Lucinda Williams on memoirs, crossword puzzles and more before St. Petersburg concert

She and Drive-By Truckers play a sold-out Jannus Live on February 1.

click to enlarge Lucinda Williams, who plays Jannus Live in St. Petersburg, Florida on February 1, 2019. - David McClister
David McClister
Lucinda Williams, who plays Jannus Live in St. Petersburg, Florida on February 1, 2019.

When CL catches up with Lucinda Williams, she’s in between the New York Times crossword puzzle and cooking an omelette for her husband and manager, Tom Overby. Williams used to do the puzzles in pen, but it’s completed online these days. The 66-year-old even cops to asking the next-gen crossword for a hint every now and then.

“I’m pretty good, but some of ‘em, get you stuck, so if you’re like ‘I don’t know this — just give me the damn word, I can’t stand this anymore,’ then the online one will tell you the word,” Williams says. There is a problem with getting a hint though.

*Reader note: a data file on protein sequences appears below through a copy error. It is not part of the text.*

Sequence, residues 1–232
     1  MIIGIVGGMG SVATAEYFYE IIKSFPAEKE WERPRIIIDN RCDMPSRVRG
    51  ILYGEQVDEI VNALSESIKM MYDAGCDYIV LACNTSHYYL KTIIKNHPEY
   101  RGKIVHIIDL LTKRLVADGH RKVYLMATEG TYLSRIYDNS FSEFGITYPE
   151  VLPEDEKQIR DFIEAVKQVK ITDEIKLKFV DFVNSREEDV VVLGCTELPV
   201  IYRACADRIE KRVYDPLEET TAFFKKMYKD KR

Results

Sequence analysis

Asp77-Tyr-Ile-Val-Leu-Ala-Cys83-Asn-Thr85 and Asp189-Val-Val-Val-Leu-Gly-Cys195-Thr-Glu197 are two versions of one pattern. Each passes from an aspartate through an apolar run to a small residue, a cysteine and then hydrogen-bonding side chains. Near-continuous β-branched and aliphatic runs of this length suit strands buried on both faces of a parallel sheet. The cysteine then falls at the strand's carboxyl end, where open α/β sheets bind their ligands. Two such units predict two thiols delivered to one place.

“You skip the satisfaction of doing it though," she explains. "If you make a mistake in the paper it looks all messy when you’re doing it.”

It’s admittedly a relief to hear that the mind behind some of the most timeless, authentic, and pretty much flawless songs in country feels a little dirty about skirting the process.

For 30 minutes, Williams — who is still the perfectionist she’s been since her 1988 Rough Trade debut — waxed on about mistakes, the process behind new songs, a forthcoming memoir, having to sell off some publishing and more. Look below to read part of our Q&A, and see the full conversation via cltampa.com/music.